Red Pepper is rooted in national and international movements for radical social and environmental change.
A typical Red Pepper article offers background and context to political issues, challenges dominant intellectual/political thinking or mainstream media framings, addresses important issues that haven’t been covered elsewhere, or provokes debate on pressing topics for the left.
Our articles explore complex issues in accessible language, where possible avoiding jargon and academic language. The reader might be new to politics and activism, not be an expert in the subject, or have English as a second language.
We are always looking for new writers and ideas. Our contributors include unpublished writers, frontline activists, academics, campaigners and experienced journalists. We are also keen to hear from photographers and illustrators.
Most articles published in Red Pepper are commissioned and written specifically with the magazine in mind but we also publish more time sensitive articles on the website.
Before submitting anything for consideration, be sure you are familiar with Red Pepper’s magazine’s political approach. We encourage you to submit a proposal/pitch of 100-200 words outlining your article or idea – please do not send full articles.
The pitch should include the following:
Email your proposal to submissions[at]redpepper.org.uk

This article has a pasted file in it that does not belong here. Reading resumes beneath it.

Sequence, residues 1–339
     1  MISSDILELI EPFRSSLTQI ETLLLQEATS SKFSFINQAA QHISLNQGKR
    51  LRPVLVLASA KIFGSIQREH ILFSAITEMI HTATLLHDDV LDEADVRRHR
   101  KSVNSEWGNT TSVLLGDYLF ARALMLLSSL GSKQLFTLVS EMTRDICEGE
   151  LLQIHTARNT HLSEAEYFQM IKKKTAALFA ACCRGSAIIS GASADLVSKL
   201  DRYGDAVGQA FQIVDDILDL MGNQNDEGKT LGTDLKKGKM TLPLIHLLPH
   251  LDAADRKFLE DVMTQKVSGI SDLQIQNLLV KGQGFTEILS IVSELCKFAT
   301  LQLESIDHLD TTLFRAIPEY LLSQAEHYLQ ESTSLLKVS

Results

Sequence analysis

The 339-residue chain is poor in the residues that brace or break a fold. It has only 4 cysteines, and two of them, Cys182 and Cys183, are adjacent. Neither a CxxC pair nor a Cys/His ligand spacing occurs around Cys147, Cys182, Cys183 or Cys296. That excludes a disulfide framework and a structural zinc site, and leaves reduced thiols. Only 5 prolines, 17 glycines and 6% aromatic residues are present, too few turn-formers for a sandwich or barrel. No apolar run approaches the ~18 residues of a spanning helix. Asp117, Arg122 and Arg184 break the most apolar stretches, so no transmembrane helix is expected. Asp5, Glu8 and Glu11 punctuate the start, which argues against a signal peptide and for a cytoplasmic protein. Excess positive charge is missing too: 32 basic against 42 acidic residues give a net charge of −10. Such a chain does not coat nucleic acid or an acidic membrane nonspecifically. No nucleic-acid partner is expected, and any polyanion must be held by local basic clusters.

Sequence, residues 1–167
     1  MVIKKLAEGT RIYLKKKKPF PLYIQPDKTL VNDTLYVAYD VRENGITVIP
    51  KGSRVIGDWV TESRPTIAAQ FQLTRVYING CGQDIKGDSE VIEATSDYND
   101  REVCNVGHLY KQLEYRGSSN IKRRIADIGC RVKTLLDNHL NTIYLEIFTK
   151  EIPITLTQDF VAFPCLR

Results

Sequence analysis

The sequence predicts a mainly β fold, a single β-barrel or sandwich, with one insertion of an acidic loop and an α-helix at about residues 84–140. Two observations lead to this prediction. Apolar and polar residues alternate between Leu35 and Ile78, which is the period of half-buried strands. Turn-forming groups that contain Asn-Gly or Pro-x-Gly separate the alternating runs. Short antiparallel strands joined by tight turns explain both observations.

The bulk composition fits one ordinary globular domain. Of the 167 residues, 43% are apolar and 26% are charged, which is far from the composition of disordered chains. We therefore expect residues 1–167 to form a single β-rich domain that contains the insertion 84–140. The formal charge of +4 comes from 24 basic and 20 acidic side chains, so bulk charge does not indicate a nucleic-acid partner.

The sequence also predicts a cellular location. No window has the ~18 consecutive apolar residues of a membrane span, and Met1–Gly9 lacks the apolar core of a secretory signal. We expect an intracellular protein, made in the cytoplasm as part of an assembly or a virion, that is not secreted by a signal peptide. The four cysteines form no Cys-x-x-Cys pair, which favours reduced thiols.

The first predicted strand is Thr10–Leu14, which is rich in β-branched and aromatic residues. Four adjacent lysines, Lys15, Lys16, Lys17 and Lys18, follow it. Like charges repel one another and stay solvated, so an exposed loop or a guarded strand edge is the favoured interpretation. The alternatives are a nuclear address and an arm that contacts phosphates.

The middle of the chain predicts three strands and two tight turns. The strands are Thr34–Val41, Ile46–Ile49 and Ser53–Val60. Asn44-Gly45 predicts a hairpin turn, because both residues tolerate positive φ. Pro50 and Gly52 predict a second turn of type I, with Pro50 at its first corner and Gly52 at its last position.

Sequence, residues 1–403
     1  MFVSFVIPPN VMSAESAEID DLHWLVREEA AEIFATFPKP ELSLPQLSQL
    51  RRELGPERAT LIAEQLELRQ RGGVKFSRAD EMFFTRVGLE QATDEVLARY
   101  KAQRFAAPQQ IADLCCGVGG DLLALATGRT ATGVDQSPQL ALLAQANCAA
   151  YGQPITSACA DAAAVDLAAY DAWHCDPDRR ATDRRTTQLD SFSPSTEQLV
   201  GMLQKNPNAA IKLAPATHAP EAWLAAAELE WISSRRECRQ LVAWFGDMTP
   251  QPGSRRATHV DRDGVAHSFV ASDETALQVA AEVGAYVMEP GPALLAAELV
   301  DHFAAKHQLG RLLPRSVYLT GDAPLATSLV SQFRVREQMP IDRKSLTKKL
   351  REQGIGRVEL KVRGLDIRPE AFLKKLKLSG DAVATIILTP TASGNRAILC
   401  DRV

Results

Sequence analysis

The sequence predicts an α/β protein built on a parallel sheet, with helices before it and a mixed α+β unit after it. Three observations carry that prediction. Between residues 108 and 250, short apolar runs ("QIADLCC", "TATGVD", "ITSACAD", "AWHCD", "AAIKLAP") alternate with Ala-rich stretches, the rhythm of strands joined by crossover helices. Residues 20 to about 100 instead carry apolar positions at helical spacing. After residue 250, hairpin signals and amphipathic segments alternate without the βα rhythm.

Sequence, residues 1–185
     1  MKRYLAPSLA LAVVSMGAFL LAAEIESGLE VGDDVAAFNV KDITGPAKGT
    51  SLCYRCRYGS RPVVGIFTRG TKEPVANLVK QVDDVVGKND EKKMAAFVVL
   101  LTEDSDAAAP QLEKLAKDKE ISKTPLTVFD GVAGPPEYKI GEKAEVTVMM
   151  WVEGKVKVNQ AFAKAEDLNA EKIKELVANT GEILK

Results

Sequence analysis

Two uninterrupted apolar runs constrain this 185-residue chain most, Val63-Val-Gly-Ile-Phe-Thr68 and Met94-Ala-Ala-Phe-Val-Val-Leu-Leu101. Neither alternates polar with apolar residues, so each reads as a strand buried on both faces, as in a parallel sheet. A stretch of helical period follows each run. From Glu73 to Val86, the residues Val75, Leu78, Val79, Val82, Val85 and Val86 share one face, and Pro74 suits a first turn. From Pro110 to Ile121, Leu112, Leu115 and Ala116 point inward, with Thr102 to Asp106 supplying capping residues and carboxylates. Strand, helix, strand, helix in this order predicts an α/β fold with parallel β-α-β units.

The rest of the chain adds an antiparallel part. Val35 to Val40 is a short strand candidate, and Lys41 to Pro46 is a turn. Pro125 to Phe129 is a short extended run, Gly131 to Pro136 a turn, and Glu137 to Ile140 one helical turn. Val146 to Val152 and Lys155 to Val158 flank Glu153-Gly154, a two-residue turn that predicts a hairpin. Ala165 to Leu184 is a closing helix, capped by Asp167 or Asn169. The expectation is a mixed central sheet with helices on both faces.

If we are interested in your pitch, we will contact you with suggestions on how to proceed and give you a deadline.
Please keep in mind that we have a small team of voluntary editors, so it may take us up to a week to get back to you. We do not have the resources to reply to each writer individually. If you do not hear from us in a week please assume that the editors have decided not to pursue your proposal this time. That does not mean that we don’t want to publish an article from you in the future.
Please be aware that if we accept a piece, we cannot guarantee a particular issue in which it will be published or whether it will be in the magazine or on the website.
The UK media is currently produced by a narrow section of society and that’s something we don’t want to reproduce. We strive wherever possible to pay print contributors a fee for the articles we publish. As a non-profit magazine with a strict advertising policy, pay-what-you-can subscription rate and open access website, we are tight on cash. Writers with stable, higher incomes can decide to waive their fee so it can go back into our Writers’ Fund. This helps us to support more emerging writers and those on lower incomes.